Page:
The rookies from the 2011 NFL draft are learning in a real and very personal way that the game of football is a business. It’s a business that, since they were asked to join, they have been locked out of, forced to remain on the sidelines and wait. So when NFLPA Executive Director DeMaurice Smith and NFL Commission Roger Goodell took the stage at the NFLPA sponsored “Business of Football: Rookie Edition” the message that football is a business was front and center.
“Obviously Roger and I have been working hard to get the deal done. We made the trip down here today because this is about the business of football,” Smith continued, “People would like to turn what we do into something personal. It’s not, and while we are in a bit of a donnybrook now and while we fight through things like we have for the past two years this is what we do. This is the business of football.”
“This isn’t about the two of us.” Goodell added, “He’s working hard to protect the needs of players and I’m working to protect the interests of the owners. This is tough for everyone but I can assure you that this is not personal and I can assure you that we are each doing what’s in the best interest of our respective constituents.”
“Every now and then you have two sides, the folks who are employees and the folks who are employers. There are issues that unite you and there are issues that divide you. At the end of the day the conclusion is that both sides have to work together,” Smith said.
“De referenced how hard we are all working together. There’s no question that you have a guy that is passionate about what you do and in representing you. I have great respect for this guy and you,” said Goodell. “There’s no question we have some fundamental challenges to getting this done. But we do recognize that if we are going to create a business model that meets the challenges for everybody, works for the players, works for the clubs, works for the fans of the game, then we are going to have to address these issues responsibly and we know we are better off working together.”
The two leaders took questions from the players, who had many, regarding if, when and how a 2011 NFL season might start.
Smith told the rookies, “Our goal is to start the games on time. Our goal is to have a training camp on time. Our goal is to hopefully get some time were we can have some off-season work. We are both committed to those three fundamental things, so if we are able to get something done in time, we have the ability to move heaven and earth and make sure that things happen in a way that doesn’t impact the season.”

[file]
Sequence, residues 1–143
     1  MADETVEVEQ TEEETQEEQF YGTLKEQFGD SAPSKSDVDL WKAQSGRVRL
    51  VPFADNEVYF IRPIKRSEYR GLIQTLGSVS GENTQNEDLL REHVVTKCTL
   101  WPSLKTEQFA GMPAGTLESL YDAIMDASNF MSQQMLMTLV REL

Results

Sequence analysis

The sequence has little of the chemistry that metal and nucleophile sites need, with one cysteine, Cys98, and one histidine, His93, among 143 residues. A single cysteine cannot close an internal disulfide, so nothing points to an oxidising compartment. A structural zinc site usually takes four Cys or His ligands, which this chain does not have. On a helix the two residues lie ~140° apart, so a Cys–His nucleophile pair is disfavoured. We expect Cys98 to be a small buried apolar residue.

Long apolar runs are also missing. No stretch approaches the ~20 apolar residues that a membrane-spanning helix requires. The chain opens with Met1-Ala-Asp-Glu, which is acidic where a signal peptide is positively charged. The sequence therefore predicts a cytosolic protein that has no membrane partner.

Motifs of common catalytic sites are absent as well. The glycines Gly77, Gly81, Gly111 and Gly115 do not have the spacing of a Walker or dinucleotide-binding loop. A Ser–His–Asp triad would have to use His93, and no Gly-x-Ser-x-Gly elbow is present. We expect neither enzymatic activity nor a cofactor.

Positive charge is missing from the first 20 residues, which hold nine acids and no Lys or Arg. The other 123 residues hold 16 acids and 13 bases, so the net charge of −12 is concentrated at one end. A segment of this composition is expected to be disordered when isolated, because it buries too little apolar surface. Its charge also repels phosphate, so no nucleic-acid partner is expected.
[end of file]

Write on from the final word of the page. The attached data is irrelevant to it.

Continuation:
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Goodell and Smith were on the same page. Goodell added, “Our objective here is to keep pressing on and get this done so we can have a season, a full season, and that includes some off season work. If we are successful in the next couple weeks there is still the opportunity to get some off season work and then into training camps.”
The lack of contact between the players and the coaches is something that Smith and Goodell realize is hurting everyone. Goodell noted, “It’s one of the reasons we feel an urgency to get this resolved. Everyday that goes by that you’re not in camp, not getting the instruction or the understanding of the playbook or what to expect, is a negative, not only for you as individuals in your careers but for the game, and I think that is one of the reasons we need to keep pressing through and get this done.”
While these two are pushing to come to the terms of an agreement, they both made it clear that they aren’t the decision makers in this dispute. Smith outlined the structure of his decision making team, “There is an executive committee of 11 players that I work for, their combined years in the NFL is 130 years. Every team has three representatives. Everything that goes on they know. They vote and they make decisions, they make the representations. I don’t have the kind of job where I am afforded the luxury of my ego making a decision. It just doesn’t work that way. My guess is that [Roger] has the same challenge on his end because we both work for a group of people.”
Goodell agreed and shared how the league will make its decision, “The reality is I have to get 24 votes of the 32 teams. So we recognize who we ultimately have to get approval of and we have to address those issues so we can get the support. Then we can get back and doing what we want to do and what you want to do” which we all know is play football.
The body language and words of both Smith and Goodell reflected a feeling of respect and commitment to working together. “Our relationship is in a different place than even a month ago when we cancelled the symposium. But that’s one of the reasons I’m here because I believe not only in our relationship but I also believe that this kind of thing is good for the players and the league,” Goodell said when asked about coming to the event.
Both men agreed that “getting it right” is important so that any agreement that is reached works both for today and well into the future. This display of camaraderie provides hope that the parties will be able to work together to end the lockout before the uncertain deadline that would preclude a full NFL season. That’s all part of the business of football.